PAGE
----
Joking Aside

A very scary clown

Anybody who knows me will tell you that I find it hard to pass up an opportunity to make a bad joke, but even I have learned that there's a time and a place for humour and writing source code is not it. Programmers spend most of their time working with and thinking about language, so it's only natural that they find plenty of opportunity to sneak puns and other word play into source code. But jokes in source code are a minefield for programmers who have to maintain the code. Every joke, by its very nature, confuses the reader and slows down maintenance work.

A long time ago I wrote some marshalling/demarshalling code for a middleware platform. I made the mistake of leaving a groanworthy pun in the source code which caused much lack of merriment when rediscovered.

A bit of background on marshalling: data sent between machines of different endianness must be byte swapped during communication. In some protocols, data is always sent in "network byte order", traditionally big endian, which is inefficient when the sender and receiver both have the opposite byte order. A better scheme is for the sender to include a field in the header that indicates the endianness of the following data. The sender does not have to byte swap outgoing data at all and the receiver must only byte swap incoming data if the endianness of the data is different than its native endianness.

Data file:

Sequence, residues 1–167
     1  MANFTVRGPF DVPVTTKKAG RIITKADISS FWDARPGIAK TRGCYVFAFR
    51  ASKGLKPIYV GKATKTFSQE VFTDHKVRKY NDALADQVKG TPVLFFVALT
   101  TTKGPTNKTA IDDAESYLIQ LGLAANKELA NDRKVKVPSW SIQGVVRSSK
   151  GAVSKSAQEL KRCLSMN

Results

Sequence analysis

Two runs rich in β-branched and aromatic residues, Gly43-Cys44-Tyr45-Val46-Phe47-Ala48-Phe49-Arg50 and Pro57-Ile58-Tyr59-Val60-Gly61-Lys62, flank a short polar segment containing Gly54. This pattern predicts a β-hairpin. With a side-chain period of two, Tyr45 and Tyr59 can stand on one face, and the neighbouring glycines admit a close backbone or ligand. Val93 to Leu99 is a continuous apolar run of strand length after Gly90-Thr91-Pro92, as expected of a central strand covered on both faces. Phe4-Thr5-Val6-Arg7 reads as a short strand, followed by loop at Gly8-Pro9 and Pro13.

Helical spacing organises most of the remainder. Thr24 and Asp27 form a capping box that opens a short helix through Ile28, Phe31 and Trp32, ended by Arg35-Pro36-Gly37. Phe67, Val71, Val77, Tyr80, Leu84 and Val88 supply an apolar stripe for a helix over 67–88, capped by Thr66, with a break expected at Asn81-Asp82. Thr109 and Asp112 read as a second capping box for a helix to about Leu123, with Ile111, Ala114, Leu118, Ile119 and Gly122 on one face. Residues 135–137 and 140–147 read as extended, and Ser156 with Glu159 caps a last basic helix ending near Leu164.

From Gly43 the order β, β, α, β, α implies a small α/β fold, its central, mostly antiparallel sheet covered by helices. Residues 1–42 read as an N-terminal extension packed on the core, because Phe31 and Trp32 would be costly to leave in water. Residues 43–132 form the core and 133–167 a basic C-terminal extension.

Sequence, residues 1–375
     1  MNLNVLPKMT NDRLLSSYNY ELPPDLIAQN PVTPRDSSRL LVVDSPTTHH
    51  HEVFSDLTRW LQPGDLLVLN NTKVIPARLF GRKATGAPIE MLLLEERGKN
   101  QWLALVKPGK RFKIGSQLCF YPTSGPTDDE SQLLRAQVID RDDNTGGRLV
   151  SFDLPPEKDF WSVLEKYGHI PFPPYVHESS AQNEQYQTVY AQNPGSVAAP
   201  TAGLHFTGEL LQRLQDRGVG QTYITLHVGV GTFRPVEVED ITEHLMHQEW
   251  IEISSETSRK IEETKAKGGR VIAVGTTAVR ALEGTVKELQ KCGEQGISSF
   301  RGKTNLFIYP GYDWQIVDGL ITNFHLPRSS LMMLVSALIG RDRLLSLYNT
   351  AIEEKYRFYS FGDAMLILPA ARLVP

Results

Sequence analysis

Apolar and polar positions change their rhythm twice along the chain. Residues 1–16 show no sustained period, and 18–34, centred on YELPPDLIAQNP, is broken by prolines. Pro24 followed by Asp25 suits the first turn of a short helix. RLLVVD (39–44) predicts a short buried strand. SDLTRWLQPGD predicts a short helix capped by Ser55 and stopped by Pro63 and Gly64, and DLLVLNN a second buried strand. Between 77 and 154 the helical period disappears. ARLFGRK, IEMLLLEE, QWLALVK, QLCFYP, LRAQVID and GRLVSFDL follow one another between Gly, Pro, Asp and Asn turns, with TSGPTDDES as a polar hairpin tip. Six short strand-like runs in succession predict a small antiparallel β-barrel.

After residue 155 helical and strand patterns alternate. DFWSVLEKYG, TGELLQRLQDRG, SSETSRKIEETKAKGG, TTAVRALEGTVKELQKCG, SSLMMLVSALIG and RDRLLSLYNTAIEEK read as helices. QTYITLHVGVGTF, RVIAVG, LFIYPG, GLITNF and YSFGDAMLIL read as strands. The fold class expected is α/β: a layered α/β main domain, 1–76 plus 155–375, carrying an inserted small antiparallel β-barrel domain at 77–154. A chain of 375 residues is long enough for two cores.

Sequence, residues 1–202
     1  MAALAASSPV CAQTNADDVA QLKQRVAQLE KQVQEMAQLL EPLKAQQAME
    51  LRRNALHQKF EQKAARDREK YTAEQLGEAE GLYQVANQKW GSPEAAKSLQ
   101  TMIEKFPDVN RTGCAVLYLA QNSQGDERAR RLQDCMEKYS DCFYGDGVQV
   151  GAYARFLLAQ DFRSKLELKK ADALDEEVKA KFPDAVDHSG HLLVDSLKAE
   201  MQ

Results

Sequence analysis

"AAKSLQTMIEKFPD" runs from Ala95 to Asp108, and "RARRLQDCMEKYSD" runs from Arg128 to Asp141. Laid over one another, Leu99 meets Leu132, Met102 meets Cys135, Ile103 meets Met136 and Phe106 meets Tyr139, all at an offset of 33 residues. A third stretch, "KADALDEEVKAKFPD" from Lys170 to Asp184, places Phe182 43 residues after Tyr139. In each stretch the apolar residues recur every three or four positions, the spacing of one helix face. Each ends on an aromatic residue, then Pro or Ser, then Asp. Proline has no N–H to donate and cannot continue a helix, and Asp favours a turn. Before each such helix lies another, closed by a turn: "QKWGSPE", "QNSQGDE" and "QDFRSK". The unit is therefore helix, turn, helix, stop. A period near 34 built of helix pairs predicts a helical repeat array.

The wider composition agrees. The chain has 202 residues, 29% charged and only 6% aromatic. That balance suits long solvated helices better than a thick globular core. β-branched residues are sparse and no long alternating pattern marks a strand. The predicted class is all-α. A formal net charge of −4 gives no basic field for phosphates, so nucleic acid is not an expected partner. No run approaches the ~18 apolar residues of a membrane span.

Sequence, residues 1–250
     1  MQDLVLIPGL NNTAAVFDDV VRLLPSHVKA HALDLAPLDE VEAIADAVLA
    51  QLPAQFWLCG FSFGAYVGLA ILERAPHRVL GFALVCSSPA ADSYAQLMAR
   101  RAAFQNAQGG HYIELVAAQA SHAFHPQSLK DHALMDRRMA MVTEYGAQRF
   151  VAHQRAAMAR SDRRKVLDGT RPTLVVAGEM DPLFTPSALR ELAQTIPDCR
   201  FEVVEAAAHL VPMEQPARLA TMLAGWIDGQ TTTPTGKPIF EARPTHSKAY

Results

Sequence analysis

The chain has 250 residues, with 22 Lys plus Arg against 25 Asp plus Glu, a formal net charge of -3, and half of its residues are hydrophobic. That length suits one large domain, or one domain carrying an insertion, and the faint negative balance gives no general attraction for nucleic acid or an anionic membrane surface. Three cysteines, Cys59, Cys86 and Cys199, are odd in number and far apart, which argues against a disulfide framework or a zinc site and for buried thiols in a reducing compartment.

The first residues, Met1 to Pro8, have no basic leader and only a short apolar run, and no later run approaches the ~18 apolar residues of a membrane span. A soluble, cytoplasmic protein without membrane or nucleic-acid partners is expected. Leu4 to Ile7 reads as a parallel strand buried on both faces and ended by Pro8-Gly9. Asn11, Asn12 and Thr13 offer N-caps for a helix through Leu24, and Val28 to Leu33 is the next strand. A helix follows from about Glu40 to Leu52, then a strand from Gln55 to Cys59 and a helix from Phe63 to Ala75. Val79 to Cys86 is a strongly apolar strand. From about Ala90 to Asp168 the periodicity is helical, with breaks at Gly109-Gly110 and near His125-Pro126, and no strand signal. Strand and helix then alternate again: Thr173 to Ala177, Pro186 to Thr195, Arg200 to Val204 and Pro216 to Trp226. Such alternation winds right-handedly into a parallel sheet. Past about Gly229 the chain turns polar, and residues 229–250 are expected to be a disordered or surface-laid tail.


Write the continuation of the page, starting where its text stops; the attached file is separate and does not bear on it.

Some systems, CORBA for example, compile the middleware libraries to know their endianness and send a boolean flag indicating big-endian or little-endian. Because we were planning to port the system to different architectures, I didn't want maintain the endian flag for each architecture -- that sounded like too much manual work. Instead, my protocol used a 2-byte field in the header of each message. The sender set the field to a well-known numeric value, each byte of which was different. The receiver checked the received value of the field against the well-known value. If they were different, the the data needed to be byte swapped.

I called the header field 'elvis' and used 57005 for the well-known numeric value. Why? Because the code that detected the byte order then looked like this:

void receive( Message message ) {
    short elvis = message.readShort();

    if( elvis != 0xDEAD ) {
        message.setByteSwapped(true);
    }
     ...
}

HAHAHAHA hahaha ... ha ha ... ha ... ha? ... err... maybe you had to be there.

Amusing or not, the joke makes the code far too hard to understand. I should have written it like this:

static final short LOCAL_BYTE_ORDER = 0x1234;
 
...
 
void receive( Message message ) { 
    short messageByteOrder = message.readShort();
     
    if( messageByteOrder != LOCAL_BYTE_ORDER ) {
        message.setByteSwapped(true);
    }
    ...
}

The difference is obvious. It may be less amusing to the programmer writing the code but, more importantly, it is less infuriating for the programmer maintaining the code.

Copyright © 2004 Nat Pryce. Posted 2004-04-03. Share it.

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